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VC-backed Vedanta to target cancer via ‘good’ bacteria

In the past five years, scientists have discovered that microbes living in your gut may be responsible for a great many things that contribute to your well-being - from your mood, to your body’s response to sickness.

Now, venture capital firm PureTech Ventures is launching a new company, called Vedanta Biosciences. Incubated in PureTech’s Boston offices, Vedanta aims to commercialize research newly published today in the academic journal Science, that indicates beneficial, gut-dwelling bacteria may also be useful for combating allergies and inflammatory bowel disease (IBD).

Vedanta, led for now by PureTech partner Daphne Zohar, aims to begin with allergies and IBD, and then move on to apply that insight to a broader range of conditions where immunology plays a role - such as transplantation, cancer and type 1 diabetes, said Dr. Bernat Olle, a senior associate at PureTech who is also one of Vedanta’s founding executives. The company, which has been operating stealthily until now, announced itself in a press release today.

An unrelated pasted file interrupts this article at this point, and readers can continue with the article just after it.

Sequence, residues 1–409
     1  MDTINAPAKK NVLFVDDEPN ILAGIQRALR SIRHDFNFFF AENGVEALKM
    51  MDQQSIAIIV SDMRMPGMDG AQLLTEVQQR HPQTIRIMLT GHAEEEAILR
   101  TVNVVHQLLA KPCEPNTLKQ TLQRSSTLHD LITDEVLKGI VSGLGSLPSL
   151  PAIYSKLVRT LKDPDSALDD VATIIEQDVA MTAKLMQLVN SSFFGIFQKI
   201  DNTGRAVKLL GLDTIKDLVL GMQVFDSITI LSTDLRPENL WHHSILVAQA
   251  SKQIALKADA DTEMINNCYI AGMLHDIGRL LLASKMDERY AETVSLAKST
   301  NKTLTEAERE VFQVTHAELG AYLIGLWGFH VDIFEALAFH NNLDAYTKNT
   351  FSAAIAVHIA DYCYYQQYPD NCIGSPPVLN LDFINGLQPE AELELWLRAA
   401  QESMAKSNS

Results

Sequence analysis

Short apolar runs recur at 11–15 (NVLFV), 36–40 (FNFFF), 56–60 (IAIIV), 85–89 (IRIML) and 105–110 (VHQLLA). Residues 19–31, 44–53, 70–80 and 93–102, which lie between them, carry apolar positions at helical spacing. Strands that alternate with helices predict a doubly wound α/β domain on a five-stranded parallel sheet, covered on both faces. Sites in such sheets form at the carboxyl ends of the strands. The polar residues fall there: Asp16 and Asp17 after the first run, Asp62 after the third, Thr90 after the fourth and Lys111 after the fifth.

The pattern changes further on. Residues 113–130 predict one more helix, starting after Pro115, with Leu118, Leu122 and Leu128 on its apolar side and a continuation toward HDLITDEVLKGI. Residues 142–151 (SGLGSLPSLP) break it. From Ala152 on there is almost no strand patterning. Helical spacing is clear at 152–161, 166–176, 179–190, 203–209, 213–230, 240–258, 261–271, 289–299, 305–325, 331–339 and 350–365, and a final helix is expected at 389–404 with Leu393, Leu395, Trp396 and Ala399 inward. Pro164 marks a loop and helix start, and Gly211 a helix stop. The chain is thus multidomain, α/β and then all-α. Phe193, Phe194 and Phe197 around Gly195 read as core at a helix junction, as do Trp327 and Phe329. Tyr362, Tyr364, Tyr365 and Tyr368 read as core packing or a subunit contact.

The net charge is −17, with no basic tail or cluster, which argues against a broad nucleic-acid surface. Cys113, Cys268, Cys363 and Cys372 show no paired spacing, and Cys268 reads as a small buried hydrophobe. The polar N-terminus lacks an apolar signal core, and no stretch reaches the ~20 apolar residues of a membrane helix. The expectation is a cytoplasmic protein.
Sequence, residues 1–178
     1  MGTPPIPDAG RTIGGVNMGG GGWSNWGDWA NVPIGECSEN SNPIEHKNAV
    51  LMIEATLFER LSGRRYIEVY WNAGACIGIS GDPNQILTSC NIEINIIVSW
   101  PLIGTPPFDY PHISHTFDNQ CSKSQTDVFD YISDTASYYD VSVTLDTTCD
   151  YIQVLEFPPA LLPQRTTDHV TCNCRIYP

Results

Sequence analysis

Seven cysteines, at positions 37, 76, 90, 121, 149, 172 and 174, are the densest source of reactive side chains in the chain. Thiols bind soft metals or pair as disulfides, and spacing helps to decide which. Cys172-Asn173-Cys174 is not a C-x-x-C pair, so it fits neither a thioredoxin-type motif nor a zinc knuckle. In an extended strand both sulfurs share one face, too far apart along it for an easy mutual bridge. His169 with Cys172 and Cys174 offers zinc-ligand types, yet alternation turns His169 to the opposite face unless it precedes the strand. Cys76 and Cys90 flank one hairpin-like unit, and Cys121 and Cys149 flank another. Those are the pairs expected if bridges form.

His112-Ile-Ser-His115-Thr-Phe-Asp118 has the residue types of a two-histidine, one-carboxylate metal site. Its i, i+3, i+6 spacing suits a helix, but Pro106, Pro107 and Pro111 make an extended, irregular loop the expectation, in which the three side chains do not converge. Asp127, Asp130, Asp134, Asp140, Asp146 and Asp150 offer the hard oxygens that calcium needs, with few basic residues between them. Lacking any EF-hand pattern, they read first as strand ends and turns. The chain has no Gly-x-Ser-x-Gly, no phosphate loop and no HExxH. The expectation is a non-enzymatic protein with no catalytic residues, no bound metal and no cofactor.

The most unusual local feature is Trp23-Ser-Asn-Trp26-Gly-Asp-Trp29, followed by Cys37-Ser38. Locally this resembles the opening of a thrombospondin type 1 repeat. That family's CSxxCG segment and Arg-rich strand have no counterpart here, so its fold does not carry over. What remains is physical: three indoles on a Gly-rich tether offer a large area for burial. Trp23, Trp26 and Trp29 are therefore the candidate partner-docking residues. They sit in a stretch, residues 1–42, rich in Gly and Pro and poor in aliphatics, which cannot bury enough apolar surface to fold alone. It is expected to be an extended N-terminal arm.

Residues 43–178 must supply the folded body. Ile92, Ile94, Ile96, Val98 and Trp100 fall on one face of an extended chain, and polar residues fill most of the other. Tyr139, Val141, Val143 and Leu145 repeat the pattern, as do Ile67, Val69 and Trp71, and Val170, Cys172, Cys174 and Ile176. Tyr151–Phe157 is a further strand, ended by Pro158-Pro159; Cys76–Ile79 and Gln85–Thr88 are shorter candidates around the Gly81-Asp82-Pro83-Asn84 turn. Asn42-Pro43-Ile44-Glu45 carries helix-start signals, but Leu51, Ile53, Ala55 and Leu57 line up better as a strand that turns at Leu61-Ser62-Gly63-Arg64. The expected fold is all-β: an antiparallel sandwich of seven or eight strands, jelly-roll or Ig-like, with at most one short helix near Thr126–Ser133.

Specific gut-dwelling microbes control the activity of cells in the body that regulate immune response, according to the findings of researchers at the University of Tokyo. The researchers found mice that were exposed to such bacteria showed improved levels of such regulatory T cells in their bodies. The University of Tokyo research focused specifically on certain strains of Clostridia, a gut-dwelling microbe that had previously been known for causing harmful, and even deadly side effects in conjunction with use of antibiotics. Researchers compared the difference between good bacteria and harmful bacteria to cholesterol, which doctors and scientists also divide into ‘good’ and ‘bad’ categories.

Olle said understanding the mechanism by which such microbes communicate with the immune system could be key to unlocking therapies for any condition where the immune system’s regulatory function is important. “We’ve evolved with these microbes for millions of years,” Olle said. “They’ve been communicating with us in a code that we don’t really understand yet. There’s some research now that we think makes important steps toward understanding this language.”

Read more: VC-backed Vedanta to target cancer via ‘good’ bacteria | Boston Business Journal

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